• Singtripop, T., Saeangsakda, M., Tatun, N., Kaneko, Y. & Sakurai, S. 2007. Correlation of oxygen consumption, cytochrome c oxidase, and cytochrome c oxidase subunit I gene expression in the termination of larval diapause in the bamboo borer, Omphisa fuscidentalis. J. Insect Physiol. 53: 933939.
  • Skopik, S. & Bowen, M. 1976. Insect photoperiodism – hourglass measures photoperiodic time in Ostrinia nubilalis. J. Comp. Physiol. 111: 249259.
  • Skopik, S.D. & Takeda, M. 1986. Photoperiodic control of diapause induction and termination in Ostrinia nubilalis: two different clocks? J. Biol. Rhythms 1: 137143.
  • Skopik, S.D., Cain, W., Patel, N. & Newswanger, D.L. 1986. Photoperiodism in Ostrinia nubilalis: a new protocol for the analysis of the role of the Circadian system. J. Biol. Rhythms 1: 145150.
  • Stinchcombe, J.R., Weinig, C., Ungerer, M., Olsen, K.M., Mays, C., Halldorsdottir, S.S. et al. 2004. A latitudinal cline in flowering time in Arabidopsis thaliana modulated by the flowering time gene FRIGIDA. Proc. Natl. Acad. Sci. USA 101: 47124717.
  • Takeda, M. & Skopik, S. 1985. Geographic variation in the circadian system controlling photoperiodism in Ostrinia nubilalis. J. Comp. Physiol. A Neuroethol. Sens. Neural. Behav. Physiol. 156: 653658.
  • Tauber, C.A., Tauber, M.J. & Nechols, J.R. 1977. Two genes control seasonal isolation in sibling species. Science 197: 592593.
  • Tauber, M.J., Tauber, C.A. & Masaki, S. 1986. Seasonal Adaptations of Insects. Oxford University Press, New York.
  • Tauber, E., Zordan, M., Sandrelli, F., Pegoraro, M., Osterwalder, N., Breda, C. et al. 2007. Natural selection favors a newly derived timeless allele in Drosophila melanogaster. Science 316: 18951898.
  • Wilczek, A.M., Burghardt, L.T., Cobb, A.R., Cooper, M.D., Welch, S.M. & Schmitt, J. 2010. Genetic and physiological bases for phenological responses to current and predicted climates. Philos. Trans. R. Soc. Lond. B Biol. Sci. 365: 31293147.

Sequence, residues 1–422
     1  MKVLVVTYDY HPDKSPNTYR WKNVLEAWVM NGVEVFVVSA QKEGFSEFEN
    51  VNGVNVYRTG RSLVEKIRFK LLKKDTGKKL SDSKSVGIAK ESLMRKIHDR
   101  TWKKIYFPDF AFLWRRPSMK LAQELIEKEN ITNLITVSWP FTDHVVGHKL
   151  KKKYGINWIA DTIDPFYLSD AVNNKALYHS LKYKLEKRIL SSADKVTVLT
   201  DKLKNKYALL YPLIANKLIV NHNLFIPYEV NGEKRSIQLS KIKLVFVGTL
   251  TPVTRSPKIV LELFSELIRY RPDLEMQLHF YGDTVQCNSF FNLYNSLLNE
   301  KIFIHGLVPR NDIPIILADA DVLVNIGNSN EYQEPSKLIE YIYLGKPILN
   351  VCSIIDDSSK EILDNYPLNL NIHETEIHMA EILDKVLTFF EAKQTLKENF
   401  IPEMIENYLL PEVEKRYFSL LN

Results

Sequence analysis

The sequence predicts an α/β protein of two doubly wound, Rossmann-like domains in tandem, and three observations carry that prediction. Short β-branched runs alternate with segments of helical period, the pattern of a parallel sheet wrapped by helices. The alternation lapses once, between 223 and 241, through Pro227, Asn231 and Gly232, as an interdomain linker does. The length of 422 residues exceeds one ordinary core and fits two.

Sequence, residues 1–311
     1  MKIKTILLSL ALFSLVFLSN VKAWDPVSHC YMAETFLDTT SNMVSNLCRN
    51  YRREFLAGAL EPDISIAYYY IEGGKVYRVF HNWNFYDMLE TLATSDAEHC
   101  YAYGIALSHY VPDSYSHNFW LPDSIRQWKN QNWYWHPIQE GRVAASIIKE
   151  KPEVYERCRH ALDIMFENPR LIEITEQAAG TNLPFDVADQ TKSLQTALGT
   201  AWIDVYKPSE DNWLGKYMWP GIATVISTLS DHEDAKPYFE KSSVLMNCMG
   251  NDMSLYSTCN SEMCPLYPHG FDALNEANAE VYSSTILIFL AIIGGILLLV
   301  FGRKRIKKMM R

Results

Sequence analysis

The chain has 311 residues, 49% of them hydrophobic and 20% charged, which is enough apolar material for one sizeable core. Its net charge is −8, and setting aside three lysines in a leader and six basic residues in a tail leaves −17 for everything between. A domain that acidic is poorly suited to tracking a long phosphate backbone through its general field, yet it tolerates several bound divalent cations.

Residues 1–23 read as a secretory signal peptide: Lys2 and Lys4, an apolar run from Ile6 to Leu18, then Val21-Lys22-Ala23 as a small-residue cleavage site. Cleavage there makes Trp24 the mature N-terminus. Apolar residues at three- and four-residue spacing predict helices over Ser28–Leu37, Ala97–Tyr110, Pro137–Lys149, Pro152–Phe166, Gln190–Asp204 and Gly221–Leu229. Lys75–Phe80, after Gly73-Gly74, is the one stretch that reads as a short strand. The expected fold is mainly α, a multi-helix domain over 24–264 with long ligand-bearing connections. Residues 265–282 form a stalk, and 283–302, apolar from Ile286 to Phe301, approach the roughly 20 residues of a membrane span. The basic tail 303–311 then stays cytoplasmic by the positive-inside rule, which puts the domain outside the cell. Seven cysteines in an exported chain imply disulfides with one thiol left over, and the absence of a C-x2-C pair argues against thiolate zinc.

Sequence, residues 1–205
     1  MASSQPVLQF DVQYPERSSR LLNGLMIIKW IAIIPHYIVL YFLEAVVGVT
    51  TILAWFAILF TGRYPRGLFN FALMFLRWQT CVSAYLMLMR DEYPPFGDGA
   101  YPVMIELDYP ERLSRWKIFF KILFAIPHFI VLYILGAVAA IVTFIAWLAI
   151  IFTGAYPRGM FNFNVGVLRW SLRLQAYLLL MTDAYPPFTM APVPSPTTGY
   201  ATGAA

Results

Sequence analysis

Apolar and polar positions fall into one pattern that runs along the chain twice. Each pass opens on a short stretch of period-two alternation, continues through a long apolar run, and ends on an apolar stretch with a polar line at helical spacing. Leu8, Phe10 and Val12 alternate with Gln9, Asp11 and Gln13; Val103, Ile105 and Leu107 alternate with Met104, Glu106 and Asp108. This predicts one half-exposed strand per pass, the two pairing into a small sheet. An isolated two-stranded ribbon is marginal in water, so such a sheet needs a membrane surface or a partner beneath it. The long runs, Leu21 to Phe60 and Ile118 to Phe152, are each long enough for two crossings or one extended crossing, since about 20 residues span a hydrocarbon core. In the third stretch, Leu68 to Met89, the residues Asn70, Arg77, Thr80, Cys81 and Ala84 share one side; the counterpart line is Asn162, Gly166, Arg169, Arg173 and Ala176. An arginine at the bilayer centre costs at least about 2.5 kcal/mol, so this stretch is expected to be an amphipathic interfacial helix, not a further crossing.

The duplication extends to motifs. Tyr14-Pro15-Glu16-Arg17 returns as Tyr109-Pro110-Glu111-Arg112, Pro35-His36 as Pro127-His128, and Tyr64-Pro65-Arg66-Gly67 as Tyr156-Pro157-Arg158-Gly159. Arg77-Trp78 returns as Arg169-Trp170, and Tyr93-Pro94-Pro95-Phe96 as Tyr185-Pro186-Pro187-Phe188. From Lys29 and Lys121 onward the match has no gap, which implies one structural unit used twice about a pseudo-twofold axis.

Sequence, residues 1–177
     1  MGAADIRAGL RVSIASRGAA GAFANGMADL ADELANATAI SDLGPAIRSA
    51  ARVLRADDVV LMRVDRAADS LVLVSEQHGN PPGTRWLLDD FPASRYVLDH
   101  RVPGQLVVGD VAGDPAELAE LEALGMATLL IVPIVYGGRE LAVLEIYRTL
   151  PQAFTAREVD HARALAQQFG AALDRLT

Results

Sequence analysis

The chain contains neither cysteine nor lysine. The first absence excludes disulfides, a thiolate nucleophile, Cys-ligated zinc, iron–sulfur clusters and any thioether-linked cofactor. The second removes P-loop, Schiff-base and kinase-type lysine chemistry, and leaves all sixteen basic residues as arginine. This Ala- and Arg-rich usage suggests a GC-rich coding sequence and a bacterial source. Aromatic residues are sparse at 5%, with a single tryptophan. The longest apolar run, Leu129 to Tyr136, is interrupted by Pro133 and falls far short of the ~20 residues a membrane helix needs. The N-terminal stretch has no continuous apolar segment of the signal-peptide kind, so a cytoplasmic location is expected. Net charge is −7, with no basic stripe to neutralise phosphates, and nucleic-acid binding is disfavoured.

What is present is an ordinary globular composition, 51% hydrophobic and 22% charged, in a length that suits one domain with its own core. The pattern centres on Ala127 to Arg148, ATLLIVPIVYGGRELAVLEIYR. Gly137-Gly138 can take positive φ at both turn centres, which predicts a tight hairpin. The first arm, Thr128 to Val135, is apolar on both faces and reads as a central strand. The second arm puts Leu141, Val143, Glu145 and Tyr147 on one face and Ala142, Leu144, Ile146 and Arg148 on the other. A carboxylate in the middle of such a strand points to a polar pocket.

• Williams, K.D., Busto, M., Suster, M.L., So, A.K.-C., Ben-Shahar, Y., Leevers, S.J. et al. 2006. Natural variation in Drosophila melanogaster diapause due to the insulin-regulated PI3-kinase. Proc. Natl. Acad. Sci. USA 103: 1591115915.
  • Williams, C.M., Marshall, K.E., MacMillan, H.A., Dzurisin, J.D.K., Hellmann, J.J. & Sinclair, B.J. 2012. Thermal variability increases the impact of autumnal warming and drives metabolic depression in an overwintering butterfly. PLoS ONE 7: e34470.
  • Wipking, W., Viebahn, M. & Neumann, D. 1995. Oxygen-consumption, water, lipid and glycogen-content of early and late diapause and nondiapause larvae of the Burnet Moth Zygaena trifolii. J. Insect Physiol. 41: 4756.

Supporting Information

  1. Top of page
  2. Abstract
  3. Introduction
  4. Materials and methods
  5. Results
  6. Discussion
  7. Acknowledgments
  8. References
  9. Supporting Information
FilenameFormatSizeDescription
jeb12227-sup-0001-DiapauseBreakMeasures.csvCSV document61KTable S1 Respirometry measures for diapause time-point.
jeb12227-sup-0002-DiapauseMeasures.csvCSV document3KTable S2 Respirometry measures for diapause termination time-course.

Please note: Wiley Blackwell is not responsible for the content or functionality of any supporting information supplied by the authors. Any queries (other than missing content) should be directed to the corresponding author for the article.